The watch rental site Eleven James is making a change. The company is betting that the “sharing economy” format that has grown brands like Airbnb and Uber will not only work for upmarket watches, but also change how the world acquires luxury goods. “We are focusing on what really matters, which is the experience of beautiful things,” said Olivier Reza, the company’s new chief executive. Mr. Reza is well versed in that world.
Five hundred units of each model were produced for sale in the store and on its website; the mechanical version retails for 365 euros ($424), the quartz for €190. Three years in the making, LMM was a pet project of Arthur Gerbi, Merci’s managing director. But to the 32-year-old entrepreneur, the watch represents more: It is style as an act of resistance to these face-paced times, even if that resistance lasts no longer than the few moments it takes to wind a watch.
When Leïla Menchari was but an art student, freshly transplanted to Paris from her native Tunisia, the decorator then in charge of Hermès ’ windows, Annie Beaumel, asked her to “draw me your dreams." Little did Menchari realize on that particular day, in 1961, that she had stumbled onto her life’s work. Today, the stories she tells in her windows for Hermès remain the standard by which all other displays are measured.
Muck Rack makes it simple to find people, tweets, or articles that mention any name, keyword, company, hashtag etc. We've compiled this guide to help you make the most of your search.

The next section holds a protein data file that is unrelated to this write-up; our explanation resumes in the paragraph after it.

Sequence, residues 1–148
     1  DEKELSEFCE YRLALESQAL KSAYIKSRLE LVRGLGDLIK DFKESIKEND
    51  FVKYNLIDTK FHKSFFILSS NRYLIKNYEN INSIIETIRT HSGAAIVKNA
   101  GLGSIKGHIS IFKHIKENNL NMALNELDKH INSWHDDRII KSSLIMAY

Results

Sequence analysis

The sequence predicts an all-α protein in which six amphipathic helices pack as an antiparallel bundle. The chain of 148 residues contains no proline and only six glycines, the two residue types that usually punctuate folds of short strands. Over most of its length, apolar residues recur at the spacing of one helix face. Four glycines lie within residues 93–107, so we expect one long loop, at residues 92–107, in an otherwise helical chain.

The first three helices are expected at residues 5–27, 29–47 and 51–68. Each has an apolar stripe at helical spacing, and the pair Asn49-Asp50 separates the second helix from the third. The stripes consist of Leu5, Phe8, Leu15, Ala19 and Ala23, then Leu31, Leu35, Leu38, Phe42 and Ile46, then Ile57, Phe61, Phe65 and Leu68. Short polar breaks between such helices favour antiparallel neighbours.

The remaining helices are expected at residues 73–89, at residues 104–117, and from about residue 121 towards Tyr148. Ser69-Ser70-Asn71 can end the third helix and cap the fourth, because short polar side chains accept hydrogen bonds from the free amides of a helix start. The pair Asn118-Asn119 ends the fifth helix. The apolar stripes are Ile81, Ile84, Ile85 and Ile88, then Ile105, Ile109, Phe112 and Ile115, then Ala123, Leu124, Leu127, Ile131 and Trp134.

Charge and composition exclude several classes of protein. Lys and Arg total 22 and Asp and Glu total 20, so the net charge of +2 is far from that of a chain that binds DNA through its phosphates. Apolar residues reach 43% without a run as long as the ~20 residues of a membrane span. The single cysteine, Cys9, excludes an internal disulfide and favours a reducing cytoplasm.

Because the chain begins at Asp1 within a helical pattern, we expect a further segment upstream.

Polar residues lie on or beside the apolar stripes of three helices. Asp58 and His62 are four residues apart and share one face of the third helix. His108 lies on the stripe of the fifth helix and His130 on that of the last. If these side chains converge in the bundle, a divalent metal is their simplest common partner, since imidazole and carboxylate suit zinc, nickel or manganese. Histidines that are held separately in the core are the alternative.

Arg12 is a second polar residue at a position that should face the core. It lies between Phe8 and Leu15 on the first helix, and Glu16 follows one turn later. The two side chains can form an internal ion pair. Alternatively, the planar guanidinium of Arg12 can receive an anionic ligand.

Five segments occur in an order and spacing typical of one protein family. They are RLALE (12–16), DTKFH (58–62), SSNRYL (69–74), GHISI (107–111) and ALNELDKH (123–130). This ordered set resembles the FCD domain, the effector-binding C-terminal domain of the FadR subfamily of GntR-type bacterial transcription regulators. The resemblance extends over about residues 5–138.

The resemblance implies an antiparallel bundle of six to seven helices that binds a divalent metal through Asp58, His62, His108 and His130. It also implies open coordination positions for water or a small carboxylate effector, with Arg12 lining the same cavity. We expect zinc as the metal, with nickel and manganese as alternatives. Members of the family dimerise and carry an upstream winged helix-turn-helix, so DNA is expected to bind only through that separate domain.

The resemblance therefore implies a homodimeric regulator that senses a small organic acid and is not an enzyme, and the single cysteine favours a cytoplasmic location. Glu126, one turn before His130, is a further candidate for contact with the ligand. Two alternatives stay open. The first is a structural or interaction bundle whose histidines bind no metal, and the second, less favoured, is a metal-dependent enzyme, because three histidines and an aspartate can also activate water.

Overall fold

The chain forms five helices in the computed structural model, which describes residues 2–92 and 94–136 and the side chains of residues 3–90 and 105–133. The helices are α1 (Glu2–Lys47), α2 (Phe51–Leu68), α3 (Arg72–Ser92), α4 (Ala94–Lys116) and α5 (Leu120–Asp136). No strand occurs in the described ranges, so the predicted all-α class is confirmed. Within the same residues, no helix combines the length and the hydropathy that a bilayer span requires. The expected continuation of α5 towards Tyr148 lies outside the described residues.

Selecting a term
Start searching tweets, articles from media outlets, articles mentioned in tweets, journalists'
names, titles and bios with some suggested searches:
Companies or Topics (e.g. iPhone, Microsoft)
Phrases (e.g. "cloud computing") — use quotes to keep the terms together
Twitter handles (e.g. @username) — returns those who have mentioned or replied to
Names (e.g. "David Pogue")
Hashtags (e.g. #sxsw, #london2012)
Bio details (e.g. vegan, Olympics, father)
Muck Rack's Advanced Search allows for many boolean operators.
Find results that mention multiple specified terms, use AND or
+. For example, ensure each result contains both Elon Musk and Mark Zuckerberg by
searching Musk AND Zuckerberg or Musk + Zuckerberg.
Use the operators OR or , to broaden your search when you'd like either of
multiple terms to appear in results. (This is the default behavior of our search when no operators
are used). For example, results will contain either cake or cookie by searching cake OR cookie or cake,cookie
Use NOT or - to subtract results from your search. For
example, searching Disney will yield results about the Walt Disney Company as well as Walt Disney
World Resort. To exclude mentions of Disney World, search for Disney -World or Disney
When using one of these operators with a phrase, enclose it in quotation marks. For example, you can
find results about smartphones excluding Apple's iPhone 4S by searching smartphone -"iPhone
Exact case matching or punctuation
If you're searching for a brand name or keyword that relies on specific punctuation marks or capitalization, you can
find results that match your exact query by adding matchcase: before the keyword you're searching for, like matchcase:E*TRADE .
Use parentheses to separate multiple
boolean phrases. For example, to find journalists talking about having fun in Disney World or
Disneyland, search for ("disney world" OR disneyland) AND fun.
An asterisk can be used to search for any variation of a root word truncated by the asterisk. For example, searching for admin* will return results for administrator, administration, administer, administered, etc.
A near operator is an AND operator where you can control the distance between the words. You can vary the distance the near operation uses by adding a forward slash and number (between 0-99) such as strawberries NEAR/10 "whipped cream", which means the strawberries must exist within 10 words of "whipped cream".